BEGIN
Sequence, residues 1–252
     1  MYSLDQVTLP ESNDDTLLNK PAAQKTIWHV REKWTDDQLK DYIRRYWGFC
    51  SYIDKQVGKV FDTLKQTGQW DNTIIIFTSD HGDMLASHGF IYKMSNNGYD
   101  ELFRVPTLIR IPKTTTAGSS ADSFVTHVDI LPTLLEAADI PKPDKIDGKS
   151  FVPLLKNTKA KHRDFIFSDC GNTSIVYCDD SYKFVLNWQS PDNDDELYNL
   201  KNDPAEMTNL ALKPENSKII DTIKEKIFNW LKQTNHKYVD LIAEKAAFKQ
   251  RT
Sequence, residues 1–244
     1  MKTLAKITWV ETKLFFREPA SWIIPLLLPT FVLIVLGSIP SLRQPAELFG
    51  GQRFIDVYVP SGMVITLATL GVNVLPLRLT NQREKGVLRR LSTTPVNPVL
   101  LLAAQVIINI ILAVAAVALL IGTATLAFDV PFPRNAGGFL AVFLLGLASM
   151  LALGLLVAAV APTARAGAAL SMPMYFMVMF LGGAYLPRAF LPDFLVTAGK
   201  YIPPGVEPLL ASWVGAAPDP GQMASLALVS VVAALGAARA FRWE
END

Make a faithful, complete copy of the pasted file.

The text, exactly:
Sequence, residues 1–252
     1  MYSLDQVTLP ESNDDTLLNK PAAQKTIWHV REKWTDDQLK DYIRRYWGFC
    51  SYIDKQVGKV FDTLKQTGQW DNTIIIFTSD HGDMLASHGF IYKMSNNGYD
   101  ELFRVPTLIR IPKTTTAGSS ADSFVTHVDI LPTLLEAADI PKPDKIDGKS
   151  FVPLLKNTKA KHRDFIFSDC GNTSIVYCDD SYKFVLNWQS PDNDDELYNL
   201  KNDPAEMTNL ALKPENSKII DTIKEKIFNW LKQTNHKYVD LIAEKAAFKQ
   251  RT
Sequence, residues 1–244
     1  MKTLAKITWV ETKLFFREPA SWIIPLLLPT FVLIVLGSIP SLRQPAELFG
    51  GQRFIDVYVP SGMVITLATL GVNVLPLRLT NQREKGVLRR LSTTPVNPVL
   101  LLAAQVIINI ILAVAAVALL IGTATLAFDV PFPRNAGGFL AVFLLGLASM
   151  LALGLLVAAV APTARAGAAL SMPMYFMVMF LGGAYLPRAF LPDFLVTAGK
   201  YIPPGVEPLL ASWVGAAPDP GQMASLALVS VVAALGAARA FRWE